Tolls[edit] This section contains instructions, advice, or how-to content. The purpose of Wikipedia is to present facts, not to train. Please help improve this article either by rewriting the how-to content or by moving it to Wikiversity, Wikibooks or Wikivoyage. (March 2018) Tolls are collected only from automotive traffic headed eastbound, towards Vallejo at the toll plaza on the north side of the bridge (which is after you cross the bridge). Although the 2003 Al Zampa Memorial Bridge is newer than the other span, no toll is charged in that direction, continuing the practice of when the now-demolished 1927 span was still in operation. Since July 2010, the toll rate for passenger cars is $5. During peak traffic hours, carpool vehicles carrying two or more people or motorcycles pay a discounted toll of $2.50.[6][7] For vehicles with more than two axles, the toll rate is $5 per axle.[8] Drivers may either pay by cash or use the FasTrak electronic toll collection device. If you cross over the bridge and can't pay the toll, you may be cited for toll evasion. Tickets usual starts at $30.00US ($5.00 for the toll and $25.00 for the violation). it can go up from there if you fail to pay the citation or if records show you have evaded in the past.

Structural Health Monitoring on the westbound span[edit] Carquinez Bridge in 2015 as seen from Vallejo, California. A long-term wireless structural monitoring system was installed starting in the summer of 2010 with the system in continuous operation since. The wireless monitoring system installed is based on the use of a wireless sensor node developed at the University of Michigan termed Narada. Narada is a wireless data acquisition system specially designed for monitoring civil infrastructure systems where low power consumption (i.e., rechargeable battery operated), high data resolution (i.e., 16-bits or higher), and long communication ranges (i.e., 500 m or longer) are all required system capabilities. On the New Carquinez Suspension Bridge, a total of 33 Narada nodes each capable of collecting up to 4 independent channels of data were installed over a 2-year period with various sensing transducers interfaced: 23 tri-axial accelerometers (to measure deck and tower accelerations), 3 strain potentiometers (to measure longitudinal movement between the deck and the towers), 33 battery voltage detectors (to monitor the battery level on each Narada), 9 thermistors (to measure the ambient and girder temperatures), 2 wind vanes, 2 anemometers and 6 strain gages(to measure deck bending strains). A total of 124 sensing channels have been deployed on the bridge. The Narada nodes are all powered by rechargeable batteries that are continuously charged by solar panels installed on the top deck of the bridge.[9]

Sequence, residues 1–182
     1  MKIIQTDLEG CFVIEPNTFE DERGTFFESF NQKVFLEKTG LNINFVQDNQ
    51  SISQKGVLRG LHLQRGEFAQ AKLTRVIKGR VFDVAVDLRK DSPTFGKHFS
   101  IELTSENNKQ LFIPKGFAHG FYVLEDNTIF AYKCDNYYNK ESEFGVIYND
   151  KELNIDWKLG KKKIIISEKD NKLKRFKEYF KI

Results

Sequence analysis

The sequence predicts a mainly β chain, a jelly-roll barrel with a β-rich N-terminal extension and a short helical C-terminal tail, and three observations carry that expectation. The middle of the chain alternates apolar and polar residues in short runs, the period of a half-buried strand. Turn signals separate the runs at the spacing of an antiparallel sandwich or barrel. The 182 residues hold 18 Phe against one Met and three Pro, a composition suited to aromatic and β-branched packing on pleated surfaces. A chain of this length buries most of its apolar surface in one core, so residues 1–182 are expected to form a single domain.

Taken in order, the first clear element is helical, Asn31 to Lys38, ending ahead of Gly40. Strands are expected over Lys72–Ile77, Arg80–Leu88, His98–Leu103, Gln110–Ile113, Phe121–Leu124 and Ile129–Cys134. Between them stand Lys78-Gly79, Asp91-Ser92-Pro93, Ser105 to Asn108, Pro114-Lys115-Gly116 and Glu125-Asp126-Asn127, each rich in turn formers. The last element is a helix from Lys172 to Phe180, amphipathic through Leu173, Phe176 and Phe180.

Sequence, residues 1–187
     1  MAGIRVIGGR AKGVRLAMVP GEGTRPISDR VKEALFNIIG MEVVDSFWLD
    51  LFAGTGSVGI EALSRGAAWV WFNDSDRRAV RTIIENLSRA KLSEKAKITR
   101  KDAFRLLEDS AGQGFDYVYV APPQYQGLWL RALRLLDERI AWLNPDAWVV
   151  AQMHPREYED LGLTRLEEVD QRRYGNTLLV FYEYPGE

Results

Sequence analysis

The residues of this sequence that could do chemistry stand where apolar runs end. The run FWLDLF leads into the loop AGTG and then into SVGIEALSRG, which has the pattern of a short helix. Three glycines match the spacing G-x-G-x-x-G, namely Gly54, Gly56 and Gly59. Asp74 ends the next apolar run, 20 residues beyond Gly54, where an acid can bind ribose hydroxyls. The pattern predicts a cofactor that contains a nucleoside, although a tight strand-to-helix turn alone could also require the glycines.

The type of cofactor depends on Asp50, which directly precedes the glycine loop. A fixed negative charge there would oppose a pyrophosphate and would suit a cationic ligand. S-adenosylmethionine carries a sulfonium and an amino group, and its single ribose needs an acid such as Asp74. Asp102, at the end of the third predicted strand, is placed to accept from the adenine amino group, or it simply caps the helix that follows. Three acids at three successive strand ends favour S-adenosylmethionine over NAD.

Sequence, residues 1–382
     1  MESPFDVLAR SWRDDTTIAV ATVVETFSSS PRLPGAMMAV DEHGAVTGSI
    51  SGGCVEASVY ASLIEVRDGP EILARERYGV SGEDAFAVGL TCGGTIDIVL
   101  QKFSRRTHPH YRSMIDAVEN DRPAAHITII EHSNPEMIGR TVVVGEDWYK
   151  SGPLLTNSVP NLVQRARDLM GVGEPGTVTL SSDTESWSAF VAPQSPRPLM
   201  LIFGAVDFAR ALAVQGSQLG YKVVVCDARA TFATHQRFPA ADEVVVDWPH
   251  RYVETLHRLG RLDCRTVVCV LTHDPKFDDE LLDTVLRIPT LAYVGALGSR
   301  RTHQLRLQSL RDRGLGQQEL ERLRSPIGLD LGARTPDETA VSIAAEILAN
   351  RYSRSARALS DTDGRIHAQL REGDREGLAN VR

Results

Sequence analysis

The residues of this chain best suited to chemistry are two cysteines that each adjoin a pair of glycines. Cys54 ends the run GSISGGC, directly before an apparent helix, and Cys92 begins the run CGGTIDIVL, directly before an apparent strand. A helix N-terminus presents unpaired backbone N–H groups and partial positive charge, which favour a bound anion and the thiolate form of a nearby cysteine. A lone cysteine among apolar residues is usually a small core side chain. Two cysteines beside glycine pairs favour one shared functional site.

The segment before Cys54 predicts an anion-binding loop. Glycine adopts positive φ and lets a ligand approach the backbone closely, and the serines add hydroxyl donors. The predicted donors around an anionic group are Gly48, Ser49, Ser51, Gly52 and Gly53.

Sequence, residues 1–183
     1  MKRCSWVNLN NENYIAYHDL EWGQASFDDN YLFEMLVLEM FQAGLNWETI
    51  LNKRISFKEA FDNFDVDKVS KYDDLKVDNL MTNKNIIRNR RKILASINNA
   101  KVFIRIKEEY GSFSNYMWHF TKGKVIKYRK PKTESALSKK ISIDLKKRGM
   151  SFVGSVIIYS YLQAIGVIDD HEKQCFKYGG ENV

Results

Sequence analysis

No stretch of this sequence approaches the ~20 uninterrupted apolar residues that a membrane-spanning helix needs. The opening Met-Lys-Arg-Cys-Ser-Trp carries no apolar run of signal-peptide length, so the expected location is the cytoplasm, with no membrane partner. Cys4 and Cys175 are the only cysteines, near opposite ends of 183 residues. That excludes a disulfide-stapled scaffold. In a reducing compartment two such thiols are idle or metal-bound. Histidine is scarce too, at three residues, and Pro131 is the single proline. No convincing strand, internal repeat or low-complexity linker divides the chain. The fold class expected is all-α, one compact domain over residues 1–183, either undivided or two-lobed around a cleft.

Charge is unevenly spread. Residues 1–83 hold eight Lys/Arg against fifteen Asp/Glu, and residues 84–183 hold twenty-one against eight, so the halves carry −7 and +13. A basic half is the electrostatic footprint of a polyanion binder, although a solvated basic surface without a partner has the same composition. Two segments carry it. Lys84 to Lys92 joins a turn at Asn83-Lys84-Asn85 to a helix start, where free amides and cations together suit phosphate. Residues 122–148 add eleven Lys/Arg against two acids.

Carquinez Bridge in the media[edit] The 1927 span of the Carquinez Bridge is featured on a Season 4 episode of MythBusters in the Miniature Earthquake Machine segment. This experiment, based upon a claim by inventor Nikola Tesla that his mechanical oscillator produced an earthquake in 1898, employed a small tunable reciprocating mass driver to shake the bridge at its resonance frequency. While not structurally significant, the shaking was felt some distance from the driver. An hour-length program, titled Break It Down: "Bridge", documenting the demolition of the 1927 bridge aired on National Geographic Channel, on November 1, 2007 On October 5, 2007, a man jumped off the new 156-foot-high (48 m) bridge. The Coast Guard, Vallejo Police, and Fire responded to find him on the breakwater. He survived the fall. Four books have been published about, or featuring, the Carquinez Bridges:Spanning the Carquinez Strait: The Alfred Zampa Memorial Bridge (2003) Cal-Trans, Spanning the Strait: Building the Alfred Zampa Memorial Bridge (2004) by John V. Robinson, and Al Zampa and the Bay Area Bridges (2005) by John V. Robinson and, most recently, Carquinez Bridge: 1927-2007 (2017) by John V. Robinson The bridge was featured in the 2017 Netflix TV series 13 Reasons Why.

See also[edit] Bridges portal California portal